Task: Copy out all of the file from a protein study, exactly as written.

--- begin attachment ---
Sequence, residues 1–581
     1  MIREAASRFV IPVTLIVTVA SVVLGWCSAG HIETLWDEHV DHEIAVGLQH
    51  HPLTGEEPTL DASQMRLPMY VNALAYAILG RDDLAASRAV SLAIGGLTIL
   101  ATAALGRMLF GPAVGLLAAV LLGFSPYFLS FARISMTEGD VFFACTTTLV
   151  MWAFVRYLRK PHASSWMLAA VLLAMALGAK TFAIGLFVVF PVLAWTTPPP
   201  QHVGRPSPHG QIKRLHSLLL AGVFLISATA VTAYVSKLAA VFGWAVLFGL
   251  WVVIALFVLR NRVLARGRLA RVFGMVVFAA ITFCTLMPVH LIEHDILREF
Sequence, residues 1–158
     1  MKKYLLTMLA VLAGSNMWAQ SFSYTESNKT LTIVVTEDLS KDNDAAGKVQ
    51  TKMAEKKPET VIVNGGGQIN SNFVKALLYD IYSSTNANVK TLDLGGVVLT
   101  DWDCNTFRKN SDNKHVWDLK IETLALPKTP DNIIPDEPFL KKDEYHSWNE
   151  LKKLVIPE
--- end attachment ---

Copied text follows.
Sequence, residues 1–581
     1  MIREAASRFV IPVTLIVTVA SVVLGWCSAG HIETLWDEHV DHEIAVGLQH
    51  HPLTGEEPTL DASQMRLPMY VNALAYAILG RDDLAASRAV SLAIGGLTIL
   101  ATAALGRMLF GPAVGLLAAV LLGFSPYFLS FARISMTEGD VFFACTTTLV
   151  MWAFVRYLRK PHASSWMLAA VLLAMALGAK TFAIGLFVVF PVLAWTTPPP
   201  QHVGRPSPHG QIKRLHSLLL AGVFLISATA VTAYVSKLAA VFGWAVLFGL
   251  WVVIALFVLR NRVLARGRLA RVFGMVVFAA ITFCTLMPVH LIEHDILREF
Sequence, residues 1–158
     1  MKKYLLTMLA VLAGSNMWAQ SFSYTESNKT LTIVVTEDLS KDNDAAGKVQ
    51  TKMAEKKPET VIVNGGGQIN SNFVKALLYD IYSSTNANVK TLDLGGVVLT
   101  DWDCNTFRKN SDNKHVWDLK IETLALPKTP DNIIPDEPFL KKDEYHSWNE
   151  LKKLVIPE